The Texas men and women swept the Auburn Tigers on Thursday in Austin in both teams’ post-holiday premiers; both meets saw comfortable margins for the Longhorns that afforded them the luxury of exhibitioning the last two men’s events and the last women’s event.
The final score in the men’s meet was 162.5-132.5 in favor of Reese’s crew, and the women’s meet went 168.5-129.5 in favor of the Longhorns as well.
The big news for the Texas men was the return to the competition pool of Jake Ritter in his first intercollegiate racing of the 2013-2014 season. He missed the fall semester after an out-of-the-pool run-in caused him to have to undergo surgery.
Ritter’s season debut was a solid one, as he took 3rd in the 200 free in 1:40.7, and 7th in the 500 in 4:44.5.
He was part of a Texas 1-2-3-4 in that 200 free – a race dominated by junior Clay Youngquist in a very fast 1:36.90. He’s not only the first swimmer of the new semester under 1:37, nobody else has even been under 1:38 in 2014.
Youngquist added a win in the 500 free in 4:26.22, with teammate Sam Lewis touching 2nd in 4:28.36, and Auburn’s Zane Grothe 3rd in 4:35. Grothe, a multi-time All-American, has historically been much faster than this coming out of winter training, so those are results to keep-an-eye-on.
Grothe was 3rd in the 1000 free as well, an event won by Texas freshman Clark Smith in 9:05.73. That is a lifetime best for Smith by 5 seconds, though he hasn’t swum it since his junior year of high school.
Auburn’s top performers came from the areas where they were expected: the backstrokes and the sprint freestyles. In the backstroke races, freshman Joe Patching battled Texas’ star freshman Jack Conger stroke-for-stroke. In the 100, that went the way of the Tigers, with Patching winning in 48.09 (the entirety of that gap was earned on the first 50). That’s another big statement by Patching in a season where he’s had several noteworthy swims that show he’s a viable contender in a great freshman backstroke class nationwide.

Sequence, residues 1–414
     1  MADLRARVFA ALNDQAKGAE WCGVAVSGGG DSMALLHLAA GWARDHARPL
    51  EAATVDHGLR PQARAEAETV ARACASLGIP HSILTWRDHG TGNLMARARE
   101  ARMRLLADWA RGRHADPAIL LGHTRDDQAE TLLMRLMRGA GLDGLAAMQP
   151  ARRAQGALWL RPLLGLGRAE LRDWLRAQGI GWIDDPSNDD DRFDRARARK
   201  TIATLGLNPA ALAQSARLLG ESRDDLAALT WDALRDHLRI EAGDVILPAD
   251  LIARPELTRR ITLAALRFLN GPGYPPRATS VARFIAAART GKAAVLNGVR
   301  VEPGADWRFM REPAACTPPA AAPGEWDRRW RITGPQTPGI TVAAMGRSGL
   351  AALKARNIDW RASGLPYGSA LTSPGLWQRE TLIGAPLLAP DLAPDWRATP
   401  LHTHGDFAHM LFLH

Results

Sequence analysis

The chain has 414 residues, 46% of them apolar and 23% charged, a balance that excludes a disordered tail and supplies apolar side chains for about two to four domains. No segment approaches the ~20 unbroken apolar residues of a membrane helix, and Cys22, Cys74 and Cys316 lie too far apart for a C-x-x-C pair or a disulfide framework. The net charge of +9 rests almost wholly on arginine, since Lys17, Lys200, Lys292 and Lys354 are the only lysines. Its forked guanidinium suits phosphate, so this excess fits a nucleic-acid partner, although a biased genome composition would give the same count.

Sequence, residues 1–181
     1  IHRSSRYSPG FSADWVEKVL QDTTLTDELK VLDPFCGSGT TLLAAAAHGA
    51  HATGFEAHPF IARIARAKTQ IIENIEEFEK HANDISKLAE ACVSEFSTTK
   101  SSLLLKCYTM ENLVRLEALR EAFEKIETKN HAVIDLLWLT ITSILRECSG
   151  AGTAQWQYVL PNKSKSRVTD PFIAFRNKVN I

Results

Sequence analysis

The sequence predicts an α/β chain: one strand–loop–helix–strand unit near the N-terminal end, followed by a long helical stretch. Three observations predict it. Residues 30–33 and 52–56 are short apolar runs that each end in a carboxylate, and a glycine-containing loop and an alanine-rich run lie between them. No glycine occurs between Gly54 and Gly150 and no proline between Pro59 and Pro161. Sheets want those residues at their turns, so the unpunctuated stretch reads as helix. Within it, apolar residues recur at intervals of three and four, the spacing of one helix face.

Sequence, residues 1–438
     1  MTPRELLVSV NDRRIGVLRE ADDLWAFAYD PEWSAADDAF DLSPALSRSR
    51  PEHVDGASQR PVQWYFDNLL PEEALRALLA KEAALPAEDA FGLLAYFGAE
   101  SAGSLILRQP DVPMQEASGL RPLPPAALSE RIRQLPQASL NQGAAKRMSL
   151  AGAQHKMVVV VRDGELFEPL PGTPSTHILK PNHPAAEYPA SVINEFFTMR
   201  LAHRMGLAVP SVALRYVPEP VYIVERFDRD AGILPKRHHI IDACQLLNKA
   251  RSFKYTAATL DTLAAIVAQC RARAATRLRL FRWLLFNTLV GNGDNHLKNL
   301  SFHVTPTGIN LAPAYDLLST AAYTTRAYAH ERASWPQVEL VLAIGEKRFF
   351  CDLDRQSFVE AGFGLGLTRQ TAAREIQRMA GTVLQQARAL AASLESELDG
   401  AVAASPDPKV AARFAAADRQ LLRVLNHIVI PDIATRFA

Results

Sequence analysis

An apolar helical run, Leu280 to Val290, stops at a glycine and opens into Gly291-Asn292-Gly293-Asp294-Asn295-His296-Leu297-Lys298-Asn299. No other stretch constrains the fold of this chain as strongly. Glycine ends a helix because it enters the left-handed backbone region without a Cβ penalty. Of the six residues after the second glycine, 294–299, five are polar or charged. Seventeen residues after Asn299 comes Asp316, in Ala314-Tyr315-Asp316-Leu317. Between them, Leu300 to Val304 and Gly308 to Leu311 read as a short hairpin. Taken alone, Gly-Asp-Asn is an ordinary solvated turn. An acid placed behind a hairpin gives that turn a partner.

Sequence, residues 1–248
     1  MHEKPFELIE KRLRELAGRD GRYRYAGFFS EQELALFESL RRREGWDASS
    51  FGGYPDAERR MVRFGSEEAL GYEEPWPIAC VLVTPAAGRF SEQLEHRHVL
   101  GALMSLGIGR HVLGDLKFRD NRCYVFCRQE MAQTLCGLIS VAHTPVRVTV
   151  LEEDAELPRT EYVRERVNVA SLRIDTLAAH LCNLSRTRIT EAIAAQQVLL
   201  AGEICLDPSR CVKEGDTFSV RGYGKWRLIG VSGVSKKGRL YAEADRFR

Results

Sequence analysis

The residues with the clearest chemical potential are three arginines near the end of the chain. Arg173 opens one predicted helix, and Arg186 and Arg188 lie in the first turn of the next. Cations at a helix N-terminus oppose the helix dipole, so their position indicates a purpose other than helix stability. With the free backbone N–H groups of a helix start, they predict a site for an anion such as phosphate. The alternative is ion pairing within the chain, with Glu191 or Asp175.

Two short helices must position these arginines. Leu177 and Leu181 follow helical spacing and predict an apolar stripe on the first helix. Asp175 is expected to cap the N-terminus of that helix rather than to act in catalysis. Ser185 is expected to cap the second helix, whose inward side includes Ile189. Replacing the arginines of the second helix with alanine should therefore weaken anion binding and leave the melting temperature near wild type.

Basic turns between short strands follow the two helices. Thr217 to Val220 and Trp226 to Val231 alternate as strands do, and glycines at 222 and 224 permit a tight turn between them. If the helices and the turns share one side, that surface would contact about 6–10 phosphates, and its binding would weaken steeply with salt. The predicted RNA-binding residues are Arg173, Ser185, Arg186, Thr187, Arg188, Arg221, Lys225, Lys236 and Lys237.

In the 200, the tables flipped, and it was Conger who by a margin of 1:44.57-1:44.89, once again mainly on the strength of the front-half of his race.
Patching would later win a 2nd race, going a 3:54.17 in the 400 IM. That bettered another Longhorn making his season debut: freshman Austin Vacek, who was a 3:54.66 for his first career NCAA swim.
Conger also took a win in the 100 fly with a 47.32. Though he’s best known as a backstroker, Conger is also one of the best junior butterfliers in American history, especially in yards, and that fly could be a consideration event for him at NCAA’s.
Coming in behind Conger was his teammate Tripp Cooper in 48.20, and Auburn’s Arthur Mendes in 48.55.
In the sprint freestyles, Marcelo Chierighini, who is a big favorite in the 50 and 100 at NCAA’s until Brad Tandy gets cleared to swim at Arizona, took a sweep. First, he won the 50 free in 19.90 over a pair of Texas sophomores John Murray (20.42) and Matt Ellis (20.63).
In the 100 free, the win by Chierighini was even more convincing, as he took 1st in 43.20, followed by teammate James Disney-May (44.34) and John Murray (44.57).
Chierighini’s speed gives Auburn some hope of a big finish at NCAA’s; despite an overall lose to the Longhorns, Auburn did win both relays, and relays play big in March. In the 200 medley, the team of Patching, Michael Duderstadt, Chierighini, and a 19.62 anchor from Disney-May won in 1:28.88.
Texas put sophomore Aaron Gustafson on their leadoff leg. Gustafson had somewhat of an underrated freshman year, and a very good 22.92 lead-off against Auburn gives Texas some options on this medley come NCAA’s – they could move Conger to the backstroke leg and use Tripp Cooper on the medley as well, if they wanted to, or leave the relay just like this. On Thursday, they went Gustafson, Imri Ganiel, Conger, and Ellis as their foursome in a 1:29.64. Conger’s 21.1 split was the only Longhorn to ‘win his leg.’
In the closing 200 free relay, Auburn got a full second on an exhibitioned Texas ‘A” relay; using a 19.88 lead-off from Chierighini and a 19.36 anchor from freshman Kyle Darmody, they went on to a 1:19.05 win. Texas had a 19.49 from Murray on their 2nd leg, and finished 2nd in 1:20.13.